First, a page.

Although it's possible to run Folding@home on almost any CPU (and many graphics cards), as with any application, some components are much better optimised for Folding than others. Our guide highlights the best hardware to buy and the recipes for two Folding supercomputers.
It’s the most powerful supercomputer on the planet - a worldwide network of PCs dedicated to researching the mysteries of protein folding. With Folding@Home, running software on your PC could help to provide therapies for diseases such as Alzheimer’s and Huntington’s.
Sony has just improved the PlayStation 3s internet browser and claims that it is now faster than Microsoft's Internet Explorer 7.
Folding@home user builds forty six GPU folding farm, processing a mind blowing 265,200 point per day!
The Mozilla Foundation has officially announced the results of the Firefox Download Day - a Guinness World Record for most downloads of a software product in 24 hours.
Despite the fact that Phil Harrison was the biggest proponent of Home, the project will be continuing in his absence.
PlayStation 3 users have finally broken the one million users mark on Folding@Home, bringing gamers one step closer to curing cancer.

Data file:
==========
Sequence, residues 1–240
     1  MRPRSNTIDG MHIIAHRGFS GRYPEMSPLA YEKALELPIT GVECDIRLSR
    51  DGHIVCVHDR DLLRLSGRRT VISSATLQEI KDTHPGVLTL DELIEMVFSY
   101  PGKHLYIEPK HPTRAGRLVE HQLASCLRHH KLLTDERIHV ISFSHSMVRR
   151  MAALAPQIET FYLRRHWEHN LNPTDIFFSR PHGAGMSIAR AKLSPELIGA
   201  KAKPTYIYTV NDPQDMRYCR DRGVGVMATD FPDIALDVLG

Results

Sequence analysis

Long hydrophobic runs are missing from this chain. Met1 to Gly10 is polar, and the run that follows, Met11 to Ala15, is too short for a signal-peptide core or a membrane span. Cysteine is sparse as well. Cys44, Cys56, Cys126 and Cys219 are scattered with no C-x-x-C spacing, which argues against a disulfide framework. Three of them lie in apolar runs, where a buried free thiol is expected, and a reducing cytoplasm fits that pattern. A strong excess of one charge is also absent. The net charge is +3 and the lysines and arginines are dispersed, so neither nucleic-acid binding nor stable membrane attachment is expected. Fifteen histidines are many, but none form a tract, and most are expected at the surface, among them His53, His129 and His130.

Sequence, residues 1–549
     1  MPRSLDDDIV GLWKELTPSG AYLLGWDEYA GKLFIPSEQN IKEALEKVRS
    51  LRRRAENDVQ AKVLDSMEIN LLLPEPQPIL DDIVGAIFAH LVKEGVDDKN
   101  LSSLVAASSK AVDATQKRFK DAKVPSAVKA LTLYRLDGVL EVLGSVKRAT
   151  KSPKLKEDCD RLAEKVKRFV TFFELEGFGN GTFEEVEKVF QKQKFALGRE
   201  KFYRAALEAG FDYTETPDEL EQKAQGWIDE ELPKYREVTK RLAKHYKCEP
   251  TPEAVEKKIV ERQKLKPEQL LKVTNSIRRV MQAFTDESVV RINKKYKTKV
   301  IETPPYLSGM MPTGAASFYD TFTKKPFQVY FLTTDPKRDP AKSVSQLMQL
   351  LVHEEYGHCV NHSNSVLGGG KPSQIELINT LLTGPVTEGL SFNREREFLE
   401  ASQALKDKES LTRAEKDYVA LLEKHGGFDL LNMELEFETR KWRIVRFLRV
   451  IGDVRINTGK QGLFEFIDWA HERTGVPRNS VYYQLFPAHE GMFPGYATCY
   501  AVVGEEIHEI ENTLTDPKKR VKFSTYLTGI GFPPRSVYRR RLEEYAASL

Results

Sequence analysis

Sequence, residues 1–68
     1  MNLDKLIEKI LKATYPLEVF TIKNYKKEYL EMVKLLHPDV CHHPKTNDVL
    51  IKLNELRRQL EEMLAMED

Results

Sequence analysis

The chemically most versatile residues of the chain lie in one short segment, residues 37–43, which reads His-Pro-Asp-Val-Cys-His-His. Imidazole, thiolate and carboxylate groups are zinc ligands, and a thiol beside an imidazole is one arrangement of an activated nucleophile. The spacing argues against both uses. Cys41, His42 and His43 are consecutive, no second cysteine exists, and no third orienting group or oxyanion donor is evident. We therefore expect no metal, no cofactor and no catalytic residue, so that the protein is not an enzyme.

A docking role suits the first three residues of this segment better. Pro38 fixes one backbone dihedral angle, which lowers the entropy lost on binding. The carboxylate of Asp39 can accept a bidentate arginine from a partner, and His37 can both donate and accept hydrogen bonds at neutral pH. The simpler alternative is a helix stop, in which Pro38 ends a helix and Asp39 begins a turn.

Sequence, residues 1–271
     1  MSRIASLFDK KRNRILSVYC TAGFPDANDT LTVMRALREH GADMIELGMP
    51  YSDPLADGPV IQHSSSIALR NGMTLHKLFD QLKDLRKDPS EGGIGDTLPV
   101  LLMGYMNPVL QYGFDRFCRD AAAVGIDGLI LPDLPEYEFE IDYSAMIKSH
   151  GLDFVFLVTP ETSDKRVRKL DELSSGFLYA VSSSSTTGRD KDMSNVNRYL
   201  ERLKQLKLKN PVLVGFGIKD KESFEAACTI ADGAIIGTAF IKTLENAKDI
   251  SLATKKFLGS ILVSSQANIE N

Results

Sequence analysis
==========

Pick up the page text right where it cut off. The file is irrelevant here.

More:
The PlayStation 3 just turned one year old and what better way to celebrate than for Jack Tretton to acknowledge what went wrong?
Sony has confirmed that its new 40GB PlayStation 3 model still uses a 90nm Cell processor after rumours suggested that it might be using a 65nm chip.
The Folding@Home project, which uses the power of CPUs around the world to help find cures to diseases, has managed to reach a full petaflop of calculating power.
ATI Catalyst gives a much needed performance improvement in OpenGL and also includes Catalyst Control Center: Linux Edition Version 1.0.
Over 250,000 Playstation 3 owners have now joined together to help research possible cures to Alzheimer's Disease.
Why use a GPU just for graphics processing? ATI is looking at ways to solve massively computational problems using its graphics cards.
The guys at Folding@home are already working on their next supercomputing project - using idle PS3s to research cancer and alzheimers.
The popular distributed computing project is being, er, folded. Ha Ha.